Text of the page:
Sunday, September 26, 2010

49th Miss Arkansas Rice

Although the bulk of Arkansas rice is produced in the forty counties on the opposite side of the state from where I live, I enjoy sharing information about rice production. Many consumers do not realize that Arkansas is the number one producer of rice in the United States. In 2009 forty five percent of all rice in the United States was produced in Arkansas. One of the rewarding benefits of volunteering for Farm Bureau and promoting agriculture is seeing young people learn and develop skills through promotion activities. Since 1961 the Miss Arkansas Rice contest has been used as a fun and competitive activity to promote rice. From June to November, contestants fill their schedules with activities promoting rice. At the final contest in November, they will be judged on their rice recipe, an oral presentation,individual interview, and their promotion activities. You can find more information about the contest at and actually view the list of reigning Miss Arkansas Rice-Lydia Homes promotion activities. As National Rice Month and September are coming to an end, I wanted to share the rice recipe from the 2005 Miss Arkansas Rice,our very own Miss Benton County Rice-Jillian Harper. Thanks to every contestant for the great job of promoting rice and Arkansas agriculture!! Wouldn't it be fun to know the names of each winning recipe for the last 48 years?

Fiesta Rice Skillet Dinner

3 cups cooked rice (brown or white)

1 lb ground beef**

1cup onion,diced

1 can black beans,drained & rinsed

1 can whole kernel corn with red & green peppers,drained

1 cup mild picante sauce

1 tsp chili powder

1 cup Monterey Jack cheese

1 can Rotel

Brown onion and ground beef together. Drain any excess fat. Add rice,beans,Rotel,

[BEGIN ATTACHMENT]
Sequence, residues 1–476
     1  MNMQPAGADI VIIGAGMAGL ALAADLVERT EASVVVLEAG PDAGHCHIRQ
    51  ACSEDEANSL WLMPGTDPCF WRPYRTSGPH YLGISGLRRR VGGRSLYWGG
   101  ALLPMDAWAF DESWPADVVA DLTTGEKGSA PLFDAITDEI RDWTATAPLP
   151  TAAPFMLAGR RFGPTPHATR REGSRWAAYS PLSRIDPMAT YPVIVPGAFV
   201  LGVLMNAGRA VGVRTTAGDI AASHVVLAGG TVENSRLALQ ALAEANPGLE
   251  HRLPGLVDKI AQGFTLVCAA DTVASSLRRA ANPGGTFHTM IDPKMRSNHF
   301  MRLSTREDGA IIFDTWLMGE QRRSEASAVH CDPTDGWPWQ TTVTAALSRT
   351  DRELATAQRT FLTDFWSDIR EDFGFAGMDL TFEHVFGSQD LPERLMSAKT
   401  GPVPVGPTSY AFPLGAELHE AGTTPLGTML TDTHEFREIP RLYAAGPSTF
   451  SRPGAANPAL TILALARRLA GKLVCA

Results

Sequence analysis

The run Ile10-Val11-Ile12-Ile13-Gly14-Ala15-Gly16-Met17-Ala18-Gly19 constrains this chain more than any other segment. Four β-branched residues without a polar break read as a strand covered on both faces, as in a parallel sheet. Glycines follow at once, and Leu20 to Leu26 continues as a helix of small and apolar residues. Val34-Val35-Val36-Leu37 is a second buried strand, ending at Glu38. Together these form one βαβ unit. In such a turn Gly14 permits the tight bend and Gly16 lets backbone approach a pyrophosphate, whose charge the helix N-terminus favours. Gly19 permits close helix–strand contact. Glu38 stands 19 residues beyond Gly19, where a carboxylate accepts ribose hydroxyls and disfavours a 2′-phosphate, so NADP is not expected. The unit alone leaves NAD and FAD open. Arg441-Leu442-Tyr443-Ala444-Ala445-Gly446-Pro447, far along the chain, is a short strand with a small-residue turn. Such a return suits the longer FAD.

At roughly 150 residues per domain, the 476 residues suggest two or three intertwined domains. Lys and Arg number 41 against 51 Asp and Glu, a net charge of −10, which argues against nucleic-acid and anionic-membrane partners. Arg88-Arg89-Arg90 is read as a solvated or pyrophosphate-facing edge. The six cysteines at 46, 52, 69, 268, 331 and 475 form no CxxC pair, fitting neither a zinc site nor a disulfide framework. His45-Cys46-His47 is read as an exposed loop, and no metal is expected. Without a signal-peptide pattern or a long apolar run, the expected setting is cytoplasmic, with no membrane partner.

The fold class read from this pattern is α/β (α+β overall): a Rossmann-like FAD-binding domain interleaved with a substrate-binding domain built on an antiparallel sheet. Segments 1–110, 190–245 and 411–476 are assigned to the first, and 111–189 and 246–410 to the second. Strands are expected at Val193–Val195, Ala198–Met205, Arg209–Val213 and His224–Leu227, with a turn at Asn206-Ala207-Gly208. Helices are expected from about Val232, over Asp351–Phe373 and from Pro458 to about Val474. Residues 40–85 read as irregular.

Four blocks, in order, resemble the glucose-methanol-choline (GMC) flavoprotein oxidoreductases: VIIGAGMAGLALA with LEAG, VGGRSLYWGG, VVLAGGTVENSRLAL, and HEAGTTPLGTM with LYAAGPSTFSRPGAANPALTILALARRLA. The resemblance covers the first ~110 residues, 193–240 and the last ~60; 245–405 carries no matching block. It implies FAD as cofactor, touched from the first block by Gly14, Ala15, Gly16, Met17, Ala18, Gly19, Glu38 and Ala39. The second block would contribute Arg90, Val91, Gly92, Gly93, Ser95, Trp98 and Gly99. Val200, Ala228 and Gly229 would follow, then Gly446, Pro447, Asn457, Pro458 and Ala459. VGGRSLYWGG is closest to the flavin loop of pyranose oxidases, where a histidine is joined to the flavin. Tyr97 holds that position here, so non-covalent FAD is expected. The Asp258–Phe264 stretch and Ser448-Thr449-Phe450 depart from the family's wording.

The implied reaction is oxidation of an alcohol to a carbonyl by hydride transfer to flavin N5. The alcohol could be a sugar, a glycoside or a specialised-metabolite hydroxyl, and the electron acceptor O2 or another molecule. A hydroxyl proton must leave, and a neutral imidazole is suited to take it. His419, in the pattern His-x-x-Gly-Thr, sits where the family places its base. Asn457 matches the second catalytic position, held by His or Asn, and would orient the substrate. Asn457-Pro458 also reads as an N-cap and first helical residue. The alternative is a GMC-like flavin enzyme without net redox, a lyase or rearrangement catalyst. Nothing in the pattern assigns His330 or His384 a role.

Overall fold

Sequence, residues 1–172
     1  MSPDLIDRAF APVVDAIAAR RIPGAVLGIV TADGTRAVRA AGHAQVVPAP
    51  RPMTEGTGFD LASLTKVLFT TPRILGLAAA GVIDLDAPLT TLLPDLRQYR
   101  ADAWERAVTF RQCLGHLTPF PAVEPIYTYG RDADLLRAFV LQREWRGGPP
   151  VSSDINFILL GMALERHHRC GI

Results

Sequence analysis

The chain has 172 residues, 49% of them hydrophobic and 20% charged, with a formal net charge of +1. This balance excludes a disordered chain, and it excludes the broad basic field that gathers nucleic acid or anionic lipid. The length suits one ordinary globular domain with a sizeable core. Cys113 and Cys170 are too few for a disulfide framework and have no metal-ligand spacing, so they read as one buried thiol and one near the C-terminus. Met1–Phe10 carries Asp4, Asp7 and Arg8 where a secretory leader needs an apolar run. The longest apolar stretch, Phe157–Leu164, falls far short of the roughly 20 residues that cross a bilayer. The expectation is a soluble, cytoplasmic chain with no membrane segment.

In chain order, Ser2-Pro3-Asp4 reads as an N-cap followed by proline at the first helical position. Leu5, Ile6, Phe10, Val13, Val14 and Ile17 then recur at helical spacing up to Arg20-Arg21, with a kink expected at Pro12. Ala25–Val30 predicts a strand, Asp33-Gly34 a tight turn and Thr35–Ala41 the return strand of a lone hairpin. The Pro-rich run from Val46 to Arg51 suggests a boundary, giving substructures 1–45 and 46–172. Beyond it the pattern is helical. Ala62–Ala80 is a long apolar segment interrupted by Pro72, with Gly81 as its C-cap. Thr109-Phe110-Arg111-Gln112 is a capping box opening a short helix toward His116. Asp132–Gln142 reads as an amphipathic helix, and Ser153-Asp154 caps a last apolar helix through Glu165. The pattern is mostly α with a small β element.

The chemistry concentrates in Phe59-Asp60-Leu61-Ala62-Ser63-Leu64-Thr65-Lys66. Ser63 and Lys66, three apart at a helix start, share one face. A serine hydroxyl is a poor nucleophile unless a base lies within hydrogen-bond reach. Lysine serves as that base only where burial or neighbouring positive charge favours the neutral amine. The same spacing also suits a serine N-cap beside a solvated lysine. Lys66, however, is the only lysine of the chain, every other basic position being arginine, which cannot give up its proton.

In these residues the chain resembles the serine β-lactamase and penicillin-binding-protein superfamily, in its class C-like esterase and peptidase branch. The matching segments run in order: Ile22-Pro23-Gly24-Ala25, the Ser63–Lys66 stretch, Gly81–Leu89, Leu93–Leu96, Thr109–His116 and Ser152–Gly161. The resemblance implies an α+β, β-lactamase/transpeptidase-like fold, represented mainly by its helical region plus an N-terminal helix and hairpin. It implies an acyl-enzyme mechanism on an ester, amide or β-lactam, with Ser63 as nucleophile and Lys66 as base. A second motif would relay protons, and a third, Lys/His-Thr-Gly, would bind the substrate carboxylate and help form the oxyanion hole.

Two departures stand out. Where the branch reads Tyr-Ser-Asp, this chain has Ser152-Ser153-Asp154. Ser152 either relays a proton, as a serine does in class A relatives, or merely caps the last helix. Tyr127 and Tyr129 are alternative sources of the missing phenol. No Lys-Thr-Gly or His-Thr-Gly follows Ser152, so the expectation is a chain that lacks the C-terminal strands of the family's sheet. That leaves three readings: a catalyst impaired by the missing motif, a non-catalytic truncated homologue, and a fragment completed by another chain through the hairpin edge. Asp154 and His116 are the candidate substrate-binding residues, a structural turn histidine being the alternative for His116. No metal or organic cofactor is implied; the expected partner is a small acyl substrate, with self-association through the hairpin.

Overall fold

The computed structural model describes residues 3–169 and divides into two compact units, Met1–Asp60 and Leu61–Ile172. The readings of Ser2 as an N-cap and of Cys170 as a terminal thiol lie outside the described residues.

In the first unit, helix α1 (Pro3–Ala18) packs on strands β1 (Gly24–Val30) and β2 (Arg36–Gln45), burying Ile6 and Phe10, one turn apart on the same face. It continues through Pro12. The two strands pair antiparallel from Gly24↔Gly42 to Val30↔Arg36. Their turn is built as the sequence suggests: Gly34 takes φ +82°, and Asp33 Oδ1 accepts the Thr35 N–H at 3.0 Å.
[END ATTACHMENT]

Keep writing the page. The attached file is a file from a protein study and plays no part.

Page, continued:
corn,picante sauce and chili powder. Stir to mix well. Heat thoroughly. Remove

from heat and sprinkle with cheese. Serve hot as entre, a chili with Fritos or a wrap.

**Options: substitute 1 lb ground turkey or 1 lb boneless,skinless diced chicken

with 2 Tbs. of vegetable oil in skillet to brown meat.

Sunday, September 19, 2010

Dairy Sustainability Insurance

Dairy farmers don't talk much about being "green" or "sustainable" because we have been practicing environmental stewardship every day for generations. Protecting the land,water and air on the farm is what I consider insurance for the continuation of our family farm for future generations. The environmental impact and profitability of small or large farms is improved with the efficient use of natural resources. Since 1985 our farm has been permitted by the Arkansas Department of Environmental Quality. This permit allowed us to build holding areas for liquid and dry manure and use the nutrients to fertilize the soil under the guidance of certified nutrient management plans. Nutrient management plans are developed using sound science and designed by professioinal environmental engineers working with the Natural Resources Conservation Service. Proper handling and use of manure aids in fertilization of the soil, conserves water and protects air quality. As I was listening to the staff member from the Environmental Protection Agency talk to dairy and poultry farmers this week in Northwest Arkansas, I thought about how we work every day to live the dairy industry's definition of sustainability--"providing consumers with the nutritious dairy products they want in a way that makes the industry,people and the earth economically,environmentally, and socially better--now and for future generations." You can find more information about how dairy farmers care for the environment at Sharing information about how we care for our animals and the environment is an added feature of my sustainability insurance policy!